Keeping People with Dementia Active Through Music

Editor’s Note: Here is the outline of a presentation I’m giving on using music as an activity with people who have Alzheimer’s disease and related dementias. It’s geared to professional caregivers, but I think it will be helpful for family members as well.  — MAB 

1. Introduction: You, Your Loved Ones or Clients, and Music
– What is your earliest memory of music?
– Did you sing as a child? Did you play an instrument?
– Do your loved ones or clients with dementia listen to music? What kinds of music?

2. What Music Does for Us
According to neurologist Dr. Oliver Sacks, music can:
-“Animate
– Organize
– Bring a sense of identity back to people who are out of it.”

VIDEO of dementia patient Henry responding to his favorite music, from the documentary Alive Inside
http: //www.youtube.com/watch?feature=player_embedded&v=fyZQf0p73QM

3. Music Is a Whole-Brain Exercise

GRAPHIC: Why Your Brain Loves That New Song
http://news.sciencemag.org/2013/04/why-your-brain-loves-new-song

VIDEO: Gabby Giffords: Finding Voice Through Music Therapy
http://abcnews.go.com/Health/w_MindBodyNews/gabby-giffords-finding-voice-music-therapy/story?id=14903987

4. Bringing Music to People with Dementia

ARTICLE: How Can Music Help People Who Have Alzheimer’s Disease?
http://www.dementiatoday.com/how-can-music-help-people-who-have-alzheimers-disease/

VIDEO: Validation Therapy founder Naomi Feil reaches out to Gladys Wilson, a woman with advanced dementia
http://www.youtube.com/watch?v=CrZXz10FcVM

5. Using Music for ADLs (Activities for Daily Living)

SONGS for children on such activities as brushing teeth or taking a bath can be adapted for adults.
http://www.songsforteaching.com/everyday/everydayroutines.htm

6. Making Up Our Own Songs with Clients or Loved Ones

VIDEO: How Musical Improvisation Can Be Used with Children with Special Needs by music therapist Ryan Judd
http://www.therhythmtree.com/video-blog/entry/how-musical-improvisation-can-be-used-with-children-with-special-needs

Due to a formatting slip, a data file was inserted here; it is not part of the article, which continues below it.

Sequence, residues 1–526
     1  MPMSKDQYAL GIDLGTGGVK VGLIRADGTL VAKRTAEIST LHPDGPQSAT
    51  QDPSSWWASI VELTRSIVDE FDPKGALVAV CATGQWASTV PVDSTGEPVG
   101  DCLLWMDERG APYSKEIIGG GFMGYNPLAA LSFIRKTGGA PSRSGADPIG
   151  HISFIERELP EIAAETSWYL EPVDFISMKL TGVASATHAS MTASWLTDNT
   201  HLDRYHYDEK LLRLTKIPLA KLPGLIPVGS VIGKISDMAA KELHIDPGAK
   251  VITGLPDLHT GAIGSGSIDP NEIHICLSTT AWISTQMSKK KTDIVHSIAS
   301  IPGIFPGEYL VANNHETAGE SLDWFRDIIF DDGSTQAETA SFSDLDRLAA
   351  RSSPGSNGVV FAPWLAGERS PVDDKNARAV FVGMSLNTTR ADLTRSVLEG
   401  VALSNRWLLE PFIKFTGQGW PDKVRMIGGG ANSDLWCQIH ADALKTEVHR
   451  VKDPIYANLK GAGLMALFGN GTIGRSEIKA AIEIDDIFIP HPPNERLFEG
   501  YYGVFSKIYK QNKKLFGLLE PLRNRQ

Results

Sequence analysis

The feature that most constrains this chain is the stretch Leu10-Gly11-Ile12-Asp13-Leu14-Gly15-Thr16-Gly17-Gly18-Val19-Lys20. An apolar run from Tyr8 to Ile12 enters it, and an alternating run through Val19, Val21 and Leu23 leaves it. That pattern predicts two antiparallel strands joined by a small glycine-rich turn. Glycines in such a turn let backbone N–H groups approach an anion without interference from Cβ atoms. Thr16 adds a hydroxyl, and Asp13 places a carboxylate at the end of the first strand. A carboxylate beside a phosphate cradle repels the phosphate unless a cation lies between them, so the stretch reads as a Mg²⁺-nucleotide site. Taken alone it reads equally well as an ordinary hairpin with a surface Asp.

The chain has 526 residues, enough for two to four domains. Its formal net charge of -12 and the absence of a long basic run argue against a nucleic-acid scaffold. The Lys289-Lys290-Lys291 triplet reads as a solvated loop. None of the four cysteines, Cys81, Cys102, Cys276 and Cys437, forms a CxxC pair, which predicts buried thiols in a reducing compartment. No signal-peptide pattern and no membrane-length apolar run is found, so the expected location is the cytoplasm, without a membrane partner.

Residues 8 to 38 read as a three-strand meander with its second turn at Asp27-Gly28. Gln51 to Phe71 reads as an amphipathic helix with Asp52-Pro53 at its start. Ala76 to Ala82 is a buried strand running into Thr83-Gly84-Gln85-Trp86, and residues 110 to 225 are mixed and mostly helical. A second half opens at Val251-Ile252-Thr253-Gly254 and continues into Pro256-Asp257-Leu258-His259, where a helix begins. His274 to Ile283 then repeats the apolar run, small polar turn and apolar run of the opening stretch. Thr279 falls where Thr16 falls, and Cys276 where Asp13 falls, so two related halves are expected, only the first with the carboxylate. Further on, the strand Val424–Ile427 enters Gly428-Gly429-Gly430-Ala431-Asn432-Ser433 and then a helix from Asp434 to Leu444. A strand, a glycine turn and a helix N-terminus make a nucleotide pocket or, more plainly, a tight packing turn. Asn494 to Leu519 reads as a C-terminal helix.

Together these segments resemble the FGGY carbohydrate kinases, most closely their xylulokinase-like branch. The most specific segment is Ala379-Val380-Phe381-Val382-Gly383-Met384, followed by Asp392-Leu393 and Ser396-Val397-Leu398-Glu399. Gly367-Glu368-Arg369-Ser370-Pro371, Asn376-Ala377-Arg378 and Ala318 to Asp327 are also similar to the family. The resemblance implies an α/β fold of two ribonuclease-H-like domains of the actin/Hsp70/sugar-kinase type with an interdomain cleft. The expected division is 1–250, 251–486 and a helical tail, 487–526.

7. Using Music for Ourselves: Stress Reduction and Relaxation

CHANT by Mary Ann Barton: “In This Moment, with This Breath”
https://joyousparadox.com/2013/07/03/dear-readers-im-sharing-secrets-of-my-happiness-singing-video-healing-pain-craving

Selected References:

For Elders with Dementia, Musical Awakenings: http://www.npr.org/2012/04/18/150891711/for-elders-with-dementia-music-sparks-great-awakenings?goback=%2Egde_111042_member_109297484. This is an NPR interview about the video of nursing-home resident Henry responding to music by jazz great Cab Calloway.

How Music Affects the Brain and How You Can Use It to Your Advantage: http://lifehacker.com/5865032/how-music-affects-the-brain-and-how-you-can-use-it-to-your-advantage.

How to Create a Personalized Playlist for Your Loved One at Home from Music & Memory: http://musicandmemory.org/training-publications/personalized-music-resource-guides/.

The Neuroscience of Music: http://www.wired.com/wiredscience/2011/01/the-neuroscience-of-music/.

Oliver Sacks, Musicophilia: Tales of Music and the Brain. New York: Alfred A. Knopf, 2008.

Pandora.com Internet Radio is a resource for listening with your loved ones or clients to discover what music they prefer:  http://www.pandora.com/station/play/1537650287030860791.

Soundscaping Source – Musical Materials and Ideas for Eldercare Professionals from music therapist Rachelle Norman: http://www.soundscapingsource.com/

4 thoughts on “Keeping People with Dementia Active Through Music

  1. Mary Ann,
    Great meeting you today at Kate Munger’s Threshold Choir workshop in Littleton.
    I love this YouTube video and have sent it to many people wanting to know more about the healing and – I dare say – resurrecting power of music.
    Check out this link to a TEDx talk I gave about the growth of hospice choirs in America.

    I look forward to further exchanges of info!

    Regards,
    John Bos

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    1. John, I just watched the video of your TEDx Talk about hospice choirs, and I found it very moving, very poignant. I think the connections we make through singing and listening together can be full of meaning.

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